Impala Platinum Holdings Ltd. is looking to shift toward metals key to the green energy transition as electrification threatens its core business in southern Africa.
(Bloomberg) — Impala Platinum Holdings Ltd. is looking to shift toward metals key to the green energy transition as electrification threatens its core business in southern Africa.
Chief Executive Officer Nico Muller appointed an analyst to help the Johannesburg-based company understand the base-metals market. Copper and nickel, which Implats already produces alongside platinum-group metals, will be a particular focus, he said.
Copper is emerging as the go-to commodity for investors seeking exposure to the green transition, with usage projected to surge in electric vehicles and renewable energy. That threatens to dent demand from the main consumers of platinum and palladium: autocatalysts that curb pollution in gasoline and diesel cars and trucks.
“We do recognize the threat of electrification and as a consequence we said that we will be looking to diversify our portfolio, in particular into forward facing metals associated with renewable energy and the energy transition,” the CEO told reporters on Thursday, after profit slumped 85% in the 12 months through June.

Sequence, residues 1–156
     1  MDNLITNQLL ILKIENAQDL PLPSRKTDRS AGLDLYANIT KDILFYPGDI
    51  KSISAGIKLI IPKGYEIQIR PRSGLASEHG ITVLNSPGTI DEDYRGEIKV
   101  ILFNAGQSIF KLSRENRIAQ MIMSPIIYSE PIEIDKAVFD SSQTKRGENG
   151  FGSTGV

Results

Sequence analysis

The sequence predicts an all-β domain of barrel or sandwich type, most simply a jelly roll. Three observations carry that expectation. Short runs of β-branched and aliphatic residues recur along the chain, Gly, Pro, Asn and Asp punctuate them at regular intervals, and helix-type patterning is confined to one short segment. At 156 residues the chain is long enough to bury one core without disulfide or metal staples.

Implats’s shift echoes the strategy followed by South African rival Sibanye Stillwater Ltd., which in recent years has diversified into nickel and lithium projects. Sibanye is also bidding for copper assets in Zambia.
Still, Muller also expressed confidence in the long-term outlook for PGMs. However, Implats faces challenges to turn around the Royal Bafokeng Platinum Ltd. operations it acquired earlier this year following a protracted takeover battle with Northam Platinum Ltd.
“Certainly, RBPlats is going to require a lot of attention in order to get the cost of operation to the position that we aspired to when we made the offer for the company,” said Muller, commenting on challenges at its Styldrift mine. Those mechanized operations were prized as key to the future profitability of adjacent Implats shafts in Rustenburg.
Implats took a one-time impairment of 6 billion rand ($321 million) for the consolidation of RBPlats. Full-year profit plunged to 4.9 billion rand, partly as a result of lower metal prices, cost inflation and additional impairments on operations in Canada.
Implats shares fell 2.1% in Johannesburg. That brought this year’s decline to 54%, making the miner the third-worst performer on the FTSE/JSE Africa All Share index.
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